Move on down, move on down the road

So, D and I met in Nashville late Thursday night, ready for the arrival of our movers the next day. I had spent the previous four days doing work stuff in Washington, D.C., so I was exhausted. D’s very busy settling into her new gig, too. And with so much going on, neither of us has been sleeping a lot. So we’re both pretty much wiped out.

Not the best way to start the official move. I mean, I’m too damn old to be moving boxes and furniture. Not gonna do it. So, we figured, the movers will take care of it all. They’ll pack us up on Friday, then load the truck first thing Saturday morning and be done by noon. Then we’ll relax in the pool, clean the house and drive down to Dallas bright and early on Sunday, ready to start our work week rested, refreshed and with hopes that soon we would be reunited with our stuff.

Well, D figured that, anyway. Having never moved to a different city before, and being generally good-natured and kind, she assumed things would go as promised. I, on the other hand, having perpetual wanderlust, have switched cities nine times since I got out of college, not including inter-city moves. So I knew that the chances of this move occurring as planned were approximately 1 in 349,129,023,347,612.

D had made an appointment to get her hair cut on Friday afternoon, knowing that things would be well in hand and she could leave me for a couple of hours. This was important because in a tiny little town like Dallas, there are no hair salons. So to prevent her from having to grow her hair out and become a Pentecostal, she left me about midday.

That wasn’t a big deal, either, because I was fully able to supervise the crew alone, being more than a tad OCD myself and having studied in-depth the geometry of proper box-packing. (See  previous post on our box-packing effort for Second Harvest.)

I would have been able to, that is, had the packing crew actually been there.

I waited. And tossed some stuff in boxes ’cause I just couldn’t help myself. And waited. Then I waited a bit more. And after that, I waited. Then I packed a couple of more boxes, before waiting  a little longer.

Finally, about 2 p.m., two young guys showed up to begin the packing. I know what you’re thinking: with all of that time to rest and relax, Laurie was in a calm, peaceful mood.

Heh. Heh heh heh heh heh.

Things worsened further when the boys told me they had to leave at 3:30 for an “important meeting at the warehouse.”

Now, picture this: everything in our house remained to be packed, except for big stack of boxes in the garage that I’d already packed over the past two months, usually about 2 a.m. (D thinks there are packing fairies that arrive and mysteriously manage to make neat lines of boxes in the garage before zipping off as dawn breaks, much like the shoemaker fairies in that kids’ book I loved when I was little.)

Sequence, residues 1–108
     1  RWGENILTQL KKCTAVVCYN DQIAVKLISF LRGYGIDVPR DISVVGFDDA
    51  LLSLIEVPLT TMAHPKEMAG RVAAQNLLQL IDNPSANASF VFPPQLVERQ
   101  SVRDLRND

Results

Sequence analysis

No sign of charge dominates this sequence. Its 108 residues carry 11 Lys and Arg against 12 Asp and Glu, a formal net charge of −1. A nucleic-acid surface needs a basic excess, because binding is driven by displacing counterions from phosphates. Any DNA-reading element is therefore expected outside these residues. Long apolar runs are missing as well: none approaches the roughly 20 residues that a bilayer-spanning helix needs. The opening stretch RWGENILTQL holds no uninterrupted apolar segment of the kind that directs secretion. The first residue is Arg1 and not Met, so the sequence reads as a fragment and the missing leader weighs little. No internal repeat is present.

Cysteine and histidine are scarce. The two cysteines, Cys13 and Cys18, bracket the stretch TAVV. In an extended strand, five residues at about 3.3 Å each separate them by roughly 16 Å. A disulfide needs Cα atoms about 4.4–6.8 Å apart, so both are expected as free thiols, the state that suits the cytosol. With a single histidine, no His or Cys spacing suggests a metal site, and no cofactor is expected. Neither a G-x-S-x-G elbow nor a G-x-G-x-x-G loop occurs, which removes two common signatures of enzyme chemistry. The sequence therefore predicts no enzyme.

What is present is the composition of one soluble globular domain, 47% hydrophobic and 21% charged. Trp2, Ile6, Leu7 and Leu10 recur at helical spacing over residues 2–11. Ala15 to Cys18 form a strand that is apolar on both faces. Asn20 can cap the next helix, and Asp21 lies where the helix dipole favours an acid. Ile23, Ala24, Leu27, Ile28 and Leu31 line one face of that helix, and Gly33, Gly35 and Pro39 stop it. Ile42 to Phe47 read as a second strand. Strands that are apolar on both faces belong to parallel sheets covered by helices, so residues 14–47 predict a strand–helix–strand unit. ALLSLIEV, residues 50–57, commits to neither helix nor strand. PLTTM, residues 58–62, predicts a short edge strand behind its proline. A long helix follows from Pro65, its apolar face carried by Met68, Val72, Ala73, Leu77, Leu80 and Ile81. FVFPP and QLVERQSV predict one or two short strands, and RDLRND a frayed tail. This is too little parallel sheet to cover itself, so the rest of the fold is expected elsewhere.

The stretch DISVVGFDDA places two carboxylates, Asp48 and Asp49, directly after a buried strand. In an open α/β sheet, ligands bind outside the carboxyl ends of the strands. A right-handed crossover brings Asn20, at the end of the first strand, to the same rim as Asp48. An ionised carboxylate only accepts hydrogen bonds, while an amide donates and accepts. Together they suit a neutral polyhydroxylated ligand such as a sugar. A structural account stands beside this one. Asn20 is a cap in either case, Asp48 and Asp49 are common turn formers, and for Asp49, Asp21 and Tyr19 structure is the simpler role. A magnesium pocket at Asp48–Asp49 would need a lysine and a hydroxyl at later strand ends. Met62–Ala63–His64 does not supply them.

The stuff on the garage shelves. All of our glassware and kitchen stuff. (And since the kitchen’s my favorite room of any house, there was a lot of stuff in it.) The shed in the back yard. My home office, with computers and cameras and books, books, books. Clothes. The game room.

Lots o’ stuff, in other words.

We had a lovely conversation. It went something like this:

Me: “Uh, it’s 2 p.m. And it appears there are only two of you.”

Head Mover Boy: “Yep, just us two. Hahahaha. Gonna be tough to get this done by tomorrow.”

Me: “What??”

HMB: “Don’t see any way. I mean, look at all of this stuff! We didn’t know there was this much stuff. You got a lot of stuff, dontcha?”

Me: “Your sales guy saw every bit of this stuff when he did the contract! In fact, there’s LESS of it now, because we took a couple of loads down to Dallas already!”

HMB: “Oh, yeah, he sucks. He said there were only 50 boxes to be packed. This is a coupla hundred boxes, at least. Hahahaha! We’re screwed. Never gonna get this done. Oh, well. Hahahahaha!”

Me: “Did you just say ‘Oh, well. Hahahahaha”!?”

HMB: “Uh… yeah?”

Me: “‘Are you nuts? We have to leave tomorrow evening!” (Always good to tell them you have to leave a bit earlier than you really do, I discovered between my move No. 3 and move No. 4, back in the ’80s. I was only 4 years old, but I remember it like it was yesterday.)

HMB: “I dunno. Just don’t see any way. Hey, can I use your bathroom?”

Me: “No, we’re talking! You just hold it until we get this figured out. You need to get on the phone and get some more people over here.”

HMB: “Can’t do it. They’re all at other jobs. Then we got that major meeting at the warehouse.”

Me: “Have you seen these guns we’re taking to Dallas? Look at all of them, all shiny with pretty wood. We have lots of bullets, too. And our carry permits!”

HMB: “Uh, let me make a call real quick.”

They ended up staying until about 4:15 p.m., and packed really fast. I shudder to think what that means for the china and glassware. But we got the “full coverage” insurance, so I’m trying not to obsess.

On Saturday morning, the company sent the sales guy over. The HMB had gone back and told them how screwed we were, because there were so many boxes still to be packed. The sales guy (I’ll call him Tweedledum) looked around, then insisted there were indeed only 50 boxes to pack.

I asked if he were crazy. Like, certifiable, with a certificate of intake from a local mental hospital. Or if he was just really, really bad at math. I don’t think that helped the situation much, to be honest.

Soon after he left, HMB showed back up with a crew of four other guys, including the truck driver, who kind of becomes the crew boss once he gets there. I think that’s written into the regulations when you get your CDL. He walked slowly through the still-crowded house with a faraway look in his glassy eyes, jaw slack. I saw a little bit of drool leak from the left corner of his mouth.

Truck Driver Boy: “You’re kidding, right? All this stuff goes? Surely there’s a family of five remaining behind, and this is their stuff?”

Me: “Nope. Our stuff.”